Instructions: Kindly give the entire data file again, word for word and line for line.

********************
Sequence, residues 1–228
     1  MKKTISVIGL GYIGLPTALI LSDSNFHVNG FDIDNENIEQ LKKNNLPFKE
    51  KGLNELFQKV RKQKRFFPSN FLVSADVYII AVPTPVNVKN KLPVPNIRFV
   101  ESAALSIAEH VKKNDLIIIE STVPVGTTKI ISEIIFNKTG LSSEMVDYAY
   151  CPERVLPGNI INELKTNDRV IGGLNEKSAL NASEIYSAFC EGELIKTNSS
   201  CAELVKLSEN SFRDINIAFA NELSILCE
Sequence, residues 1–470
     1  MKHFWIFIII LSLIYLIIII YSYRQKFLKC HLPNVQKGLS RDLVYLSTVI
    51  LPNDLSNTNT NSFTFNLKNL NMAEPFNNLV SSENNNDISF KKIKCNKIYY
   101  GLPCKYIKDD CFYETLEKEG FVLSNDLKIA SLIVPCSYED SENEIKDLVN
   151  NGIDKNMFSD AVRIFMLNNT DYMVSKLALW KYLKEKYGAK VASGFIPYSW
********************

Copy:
Sequence, residues 1–228
     1  MKKTISVIGL GYIGLPTALI LSDSNFHVNG FDIDNENIEQ LKKNNLPFKE
    51  KGLNELFQKV RKQKRFFPSN FLVSADVYII AVPTPVNVKN KLPVPNIRFV
   101  ESAALSIAEH VKKNDLIIIE STVPVGTTKI ISEIIFNKTG LSSEMVDYAY
   151  CPERVLPGNI INELKTNDRV IGGLNEKSAL NASEIYSAFC EGELIKTNSS
   201  CAELVKLSEN SFRDINIAFA NELSILCE
Sequence, residues 1–470
     1  MKHFWIFIII LSLIYLIIII YSYRQKFLKC HLPNVQKGLS RDLVYLSTVI
    51  LPNDLSNTNT NSFTFNLKNL NMAEPFNNLV SSENNNDISF KKIKCNKIYY
   101  GLPCKYIKDD CFYETLEKEG FVLSNDLKIA SLIVPCSYED SENEIKDLVN
   151  NGIDKNMFSD AVRIFMLNNT DYMVSKLALW KYLKEKYGAK VASGFIPYSW